• Evaluation of Compliance Impacts (panel 6) entails criteria for evaluating the CIP’s impact on improving (or sustaining) compliance and reducing the compliance risks identified in panel 3. The criteria could include, for example, the trends in the percentage of taxpayers who file tax returns on time, the level of tax arrears, the estimated tax gap, and community perceptions about the tax system and its administration.

  • Capacity Development (panel 7) describes the tax administration’s capabilities that must be strengthened to effectively implement the CIP. These capabilities typically include enhancing staff skills, improving data and analytics capabilities, and strengthening core tax administration processes.

Figure 2.
Figure 2.

Example of a Compliance Improvement Plan for Medium-Sized Businesses and Their Value-Added Tax Obligations

Citation: Technical Notes and Manuals 2022, 001; 10.5089/9798400205910.005.A001

Source: IMF staff.

Figure 2 presents in diagrammatic form the key elements of a CIP. The diagram is a convenient summary of the plan, which facilitates communication and discussion with tax administration staff and external stakeholders. It is typically underpinned by additional documentation that elaborates on the research and analysis used in preparing the plan. The structure of the plan depicted in Figure 2 is suitable for implementation by both advanced tax administrations and those with more limited capabilities, although the latter may find it necessary to simplify some of the plan’s underlying analysis and features as described in various sections of this note.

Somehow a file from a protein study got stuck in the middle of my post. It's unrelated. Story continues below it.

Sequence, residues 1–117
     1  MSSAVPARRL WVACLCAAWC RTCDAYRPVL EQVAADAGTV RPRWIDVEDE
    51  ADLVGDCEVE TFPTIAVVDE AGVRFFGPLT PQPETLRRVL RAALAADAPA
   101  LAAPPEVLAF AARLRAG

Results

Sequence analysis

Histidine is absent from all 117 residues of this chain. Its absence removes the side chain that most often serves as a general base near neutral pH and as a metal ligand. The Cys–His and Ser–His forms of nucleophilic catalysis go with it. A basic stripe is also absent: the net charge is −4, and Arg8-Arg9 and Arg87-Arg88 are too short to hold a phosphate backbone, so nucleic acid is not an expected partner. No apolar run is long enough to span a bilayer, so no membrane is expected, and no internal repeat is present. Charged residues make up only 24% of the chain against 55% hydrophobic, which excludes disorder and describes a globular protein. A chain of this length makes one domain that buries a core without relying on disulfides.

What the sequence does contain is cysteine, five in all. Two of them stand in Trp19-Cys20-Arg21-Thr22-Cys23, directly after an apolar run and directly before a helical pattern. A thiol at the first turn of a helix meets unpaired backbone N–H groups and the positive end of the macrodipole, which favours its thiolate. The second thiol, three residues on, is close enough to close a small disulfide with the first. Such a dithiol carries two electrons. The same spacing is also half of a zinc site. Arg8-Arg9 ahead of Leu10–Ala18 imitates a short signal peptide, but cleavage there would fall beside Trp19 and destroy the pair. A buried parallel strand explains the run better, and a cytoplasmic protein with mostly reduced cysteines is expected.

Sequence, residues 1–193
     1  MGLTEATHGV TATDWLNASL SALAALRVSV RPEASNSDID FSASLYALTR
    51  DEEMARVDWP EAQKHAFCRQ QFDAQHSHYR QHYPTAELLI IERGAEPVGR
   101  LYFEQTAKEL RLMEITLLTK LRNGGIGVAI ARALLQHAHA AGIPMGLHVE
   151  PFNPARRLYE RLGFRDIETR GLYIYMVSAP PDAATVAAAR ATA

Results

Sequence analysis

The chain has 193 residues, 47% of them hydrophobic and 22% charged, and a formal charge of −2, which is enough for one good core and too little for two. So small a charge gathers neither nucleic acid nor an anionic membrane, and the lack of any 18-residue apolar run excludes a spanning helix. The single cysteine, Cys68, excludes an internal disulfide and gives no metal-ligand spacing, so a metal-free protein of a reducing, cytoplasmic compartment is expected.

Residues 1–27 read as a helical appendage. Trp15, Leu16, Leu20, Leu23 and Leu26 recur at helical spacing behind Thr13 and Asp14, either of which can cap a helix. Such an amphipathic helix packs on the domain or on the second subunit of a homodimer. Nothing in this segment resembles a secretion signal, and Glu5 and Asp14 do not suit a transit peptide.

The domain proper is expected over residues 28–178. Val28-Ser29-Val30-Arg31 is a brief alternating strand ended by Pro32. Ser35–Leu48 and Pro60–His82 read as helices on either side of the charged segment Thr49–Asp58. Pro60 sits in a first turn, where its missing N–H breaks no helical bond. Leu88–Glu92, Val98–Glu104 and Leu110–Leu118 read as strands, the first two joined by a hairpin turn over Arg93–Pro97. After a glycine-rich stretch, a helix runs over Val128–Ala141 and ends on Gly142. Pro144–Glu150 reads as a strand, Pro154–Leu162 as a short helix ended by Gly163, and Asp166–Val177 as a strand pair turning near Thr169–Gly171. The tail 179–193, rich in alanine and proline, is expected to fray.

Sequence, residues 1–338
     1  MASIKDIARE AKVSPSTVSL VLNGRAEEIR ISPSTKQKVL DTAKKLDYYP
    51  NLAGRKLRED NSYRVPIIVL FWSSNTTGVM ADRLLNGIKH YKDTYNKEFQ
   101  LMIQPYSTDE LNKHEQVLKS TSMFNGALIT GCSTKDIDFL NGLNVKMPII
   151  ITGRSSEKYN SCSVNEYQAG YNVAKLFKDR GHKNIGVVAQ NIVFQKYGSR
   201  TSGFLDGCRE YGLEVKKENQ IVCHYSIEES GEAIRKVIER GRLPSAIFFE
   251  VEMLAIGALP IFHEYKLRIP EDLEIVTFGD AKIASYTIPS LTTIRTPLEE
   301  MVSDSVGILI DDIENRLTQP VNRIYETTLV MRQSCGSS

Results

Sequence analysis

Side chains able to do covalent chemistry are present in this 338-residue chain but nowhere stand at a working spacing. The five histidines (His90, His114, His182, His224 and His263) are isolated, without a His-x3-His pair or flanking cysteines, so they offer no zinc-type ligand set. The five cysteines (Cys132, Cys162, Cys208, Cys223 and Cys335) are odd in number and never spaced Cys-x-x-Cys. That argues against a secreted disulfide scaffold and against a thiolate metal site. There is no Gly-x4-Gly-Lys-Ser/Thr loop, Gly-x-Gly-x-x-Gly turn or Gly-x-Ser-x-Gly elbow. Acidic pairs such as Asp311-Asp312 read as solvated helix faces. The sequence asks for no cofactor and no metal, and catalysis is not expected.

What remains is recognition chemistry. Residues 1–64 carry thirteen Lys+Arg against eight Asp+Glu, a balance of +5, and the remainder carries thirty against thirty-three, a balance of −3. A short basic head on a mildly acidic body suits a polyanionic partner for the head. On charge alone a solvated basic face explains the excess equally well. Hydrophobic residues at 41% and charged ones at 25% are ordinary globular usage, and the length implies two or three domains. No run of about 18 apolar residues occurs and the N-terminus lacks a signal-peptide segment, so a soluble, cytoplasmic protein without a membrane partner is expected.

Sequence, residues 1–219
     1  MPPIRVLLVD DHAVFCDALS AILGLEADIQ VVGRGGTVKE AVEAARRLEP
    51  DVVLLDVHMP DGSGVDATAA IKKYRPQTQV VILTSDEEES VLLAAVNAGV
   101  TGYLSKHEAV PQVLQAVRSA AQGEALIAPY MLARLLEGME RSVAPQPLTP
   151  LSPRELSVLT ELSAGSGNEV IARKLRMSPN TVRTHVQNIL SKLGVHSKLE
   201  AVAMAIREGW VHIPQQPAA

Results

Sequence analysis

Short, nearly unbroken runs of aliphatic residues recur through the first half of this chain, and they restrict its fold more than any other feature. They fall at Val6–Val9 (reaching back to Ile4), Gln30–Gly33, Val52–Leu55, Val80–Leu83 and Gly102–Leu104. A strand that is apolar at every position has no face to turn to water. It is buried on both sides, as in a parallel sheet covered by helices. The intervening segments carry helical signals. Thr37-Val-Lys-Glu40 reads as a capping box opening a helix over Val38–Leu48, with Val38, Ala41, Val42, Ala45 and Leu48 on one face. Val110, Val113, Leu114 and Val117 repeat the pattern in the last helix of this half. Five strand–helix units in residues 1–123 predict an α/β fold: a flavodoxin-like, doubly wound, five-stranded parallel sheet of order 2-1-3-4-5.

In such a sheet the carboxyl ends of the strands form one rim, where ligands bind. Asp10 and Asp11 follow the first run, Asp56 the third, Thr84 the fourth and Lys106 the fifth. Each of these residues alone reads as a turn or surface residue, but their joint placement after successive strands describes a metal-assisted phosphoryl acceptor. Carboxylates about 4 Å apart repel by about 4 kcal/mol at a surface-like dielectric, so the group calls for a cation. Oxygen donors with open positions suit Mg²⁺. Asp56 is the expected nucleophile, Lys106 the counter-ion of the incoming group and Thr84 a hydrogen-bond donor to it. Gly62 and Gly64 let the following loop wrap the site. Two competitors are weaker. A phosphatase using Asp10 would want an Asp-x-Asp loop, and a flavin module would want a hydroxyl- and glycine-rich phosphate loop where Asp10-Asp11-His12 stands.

The balance of this note provides guidance on designing and implementing a CIP. Sections II through VIII describe the key design features for each of the CIP’s seven components. Section IX sets out the governance arrangements for managing a CIP. Section X describes the important implementation considerations for a CIP, including the main actions and major deliverables.

II. Plan Overview